The US Justice Department on Monday requested an emergency stay that would allow President Barack Obama’s executive order on illegal immigrants to move forward after a Texas judge last week blocked the action.
US District Judge Andrew Hanen last week issued a court order to block the immigration plan, which aims to stop deportation for some 4.7 million illegal immigrants. The Justice Department says the judge does not have the authority to block the plan, according to the Associated Press.
The Justice Department has asked for the emergency stay so the plan could continue while the case heads to appeals courts. It is not clear how likely it is that the stay will be granted.
Mr Obama announced the immigration action on 20 November. The order would allow 4.7 million of the 11 million illegal immigrants in the US to stay in the country without fears of deportation. The president said his motive was to help the estimated 4.4 million illegal immigrants whose children are legal residents.
The immigration order has been met with strong opposition in the US, though Mr Hanen’s injunction is the strongest yet. The White House said it will appeal the action, which would go before the 5th US Circuit Court of Appeals in New Orleans.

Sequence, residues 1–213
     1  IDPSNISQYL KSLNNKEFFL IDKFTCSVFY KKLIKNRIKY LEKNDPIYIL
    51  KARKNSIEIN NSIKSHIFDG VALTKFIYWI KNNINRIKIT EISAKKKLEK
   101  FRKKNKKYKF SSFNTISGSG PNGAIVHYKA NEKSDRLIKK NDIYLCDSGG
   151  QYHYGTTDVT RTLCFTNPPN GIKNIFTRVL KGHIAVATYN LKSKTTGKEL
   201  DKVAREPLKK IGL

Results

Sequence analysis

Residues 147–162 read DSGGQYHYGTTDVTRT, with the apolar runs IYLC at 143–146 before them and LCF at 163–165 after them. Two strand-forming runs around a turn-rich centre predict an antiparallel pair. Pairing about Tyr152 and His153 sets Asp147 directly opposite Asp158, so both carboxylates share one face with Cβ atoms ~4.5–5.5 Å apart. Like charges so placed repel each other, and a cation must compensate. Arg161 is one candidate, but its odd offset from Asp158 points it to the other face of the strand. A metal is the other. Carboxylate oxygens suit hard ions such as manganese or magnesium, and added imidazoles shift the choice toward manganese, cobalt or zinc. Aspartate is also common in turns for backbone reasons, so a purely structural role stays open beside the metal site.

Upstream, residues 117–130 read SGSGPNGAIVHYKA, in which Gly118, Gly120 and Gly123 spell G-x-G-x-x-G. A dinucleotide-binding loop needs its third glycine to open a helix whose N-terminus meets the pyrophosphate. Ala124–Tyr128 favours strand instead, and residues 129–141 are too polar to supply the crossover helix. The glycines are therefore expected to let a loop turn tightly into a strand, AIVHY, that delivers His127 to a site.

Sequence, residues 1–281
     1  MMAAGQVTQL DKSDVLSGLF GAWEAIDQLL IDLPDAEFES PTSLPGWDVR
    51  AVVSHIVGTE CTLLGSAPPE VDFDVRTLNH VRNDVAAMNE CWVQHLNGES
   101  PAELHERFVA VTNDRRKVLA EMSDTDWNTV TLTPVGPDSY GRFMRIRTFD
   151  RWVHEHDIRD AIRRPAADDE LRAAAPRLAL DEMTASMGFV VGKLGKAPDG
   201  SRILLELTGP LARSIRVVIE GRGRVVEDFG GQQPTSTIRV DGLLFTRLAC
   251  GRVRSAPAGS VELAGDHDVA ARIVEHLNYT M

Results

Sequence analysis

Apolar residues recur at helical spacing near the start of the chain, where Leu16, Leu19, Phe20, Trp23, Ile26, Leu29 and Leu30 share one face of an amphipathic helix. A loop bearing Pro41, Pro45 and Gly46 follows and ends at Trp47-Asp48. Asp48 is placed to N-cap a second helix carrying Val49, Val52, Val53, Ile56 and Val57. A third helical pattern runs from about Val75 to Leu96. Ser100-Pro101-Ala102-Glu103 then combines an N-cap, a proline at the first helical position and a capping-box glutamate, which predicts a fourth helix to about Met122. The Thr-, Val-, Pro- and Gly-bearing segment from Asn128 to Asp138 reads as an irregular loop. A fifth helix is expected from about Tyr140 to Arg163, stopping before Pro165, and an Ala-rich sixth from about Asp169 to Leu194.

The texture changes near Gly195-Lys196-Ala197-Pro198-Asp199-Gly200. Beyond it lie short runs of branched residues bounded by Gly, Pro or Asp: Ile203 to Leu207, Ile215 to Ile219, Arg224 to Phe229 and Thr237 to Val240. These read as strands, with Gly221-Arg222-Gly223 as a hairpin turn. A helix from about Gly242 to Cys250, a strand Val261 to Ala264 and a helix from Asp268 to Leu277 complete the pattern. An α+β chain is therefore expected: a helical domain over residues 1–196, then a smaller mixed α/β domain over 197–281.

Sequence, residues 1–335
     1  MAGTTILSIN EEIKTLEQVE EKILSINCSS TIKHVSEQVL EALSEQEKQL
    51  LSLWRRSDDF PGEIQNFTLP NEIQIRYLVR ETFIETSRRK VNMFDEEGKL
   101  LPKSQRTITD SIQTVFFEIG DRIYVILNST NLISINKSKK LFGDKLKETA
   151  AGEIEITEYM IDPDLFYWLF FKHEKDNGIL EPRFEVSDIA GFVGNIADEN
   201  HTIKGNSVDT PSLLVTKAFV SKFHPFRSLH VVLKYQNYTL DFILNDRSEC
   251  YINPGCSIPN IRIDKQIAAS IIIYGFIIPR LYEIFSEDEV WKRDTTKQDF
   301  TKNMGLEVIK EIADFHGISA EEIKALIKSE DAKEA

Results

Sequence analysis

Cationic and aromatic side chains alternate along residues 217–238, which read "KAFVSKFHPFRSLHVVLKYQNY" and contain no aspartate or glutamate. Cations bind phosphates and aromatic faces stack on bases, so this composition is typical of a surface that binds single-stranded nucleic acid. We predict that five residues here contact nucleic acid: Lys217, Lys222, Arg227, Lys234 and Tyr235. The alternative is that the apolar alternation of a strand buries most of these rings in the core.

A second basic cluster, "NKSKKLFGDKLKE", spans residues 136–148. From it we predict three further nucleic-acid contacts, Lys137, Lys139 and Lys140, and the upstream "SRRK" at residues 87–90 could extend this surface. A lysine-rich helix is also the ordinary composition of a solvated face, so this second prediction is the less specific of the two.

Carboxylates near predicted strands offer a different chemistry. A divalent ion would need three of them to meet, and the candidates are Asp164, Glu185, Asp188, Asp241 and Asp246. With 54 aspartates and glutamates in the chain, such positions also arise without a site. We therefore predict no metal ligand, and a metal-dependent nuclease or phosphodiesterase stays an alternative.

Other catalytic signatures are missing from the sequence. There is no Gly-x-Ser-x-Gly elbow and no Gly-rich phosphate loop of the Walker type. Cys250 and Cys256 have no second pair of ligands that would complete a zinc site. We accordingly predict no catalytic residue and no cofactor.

The injunction could impact debate in Congress over the funding of the Department of Homeland Security. The deadline for funding the department is 27 February and the Republican-controlled Congress has said it will pass a spending bill only if the immigration order was removed.
Debate is expected to heat up in Congress this week, as thousands of federal employees could be forced to work without pay if the government fails to fund Homeland Security. Mr Obama said a shutdown of the department would adversely impact the US economy.
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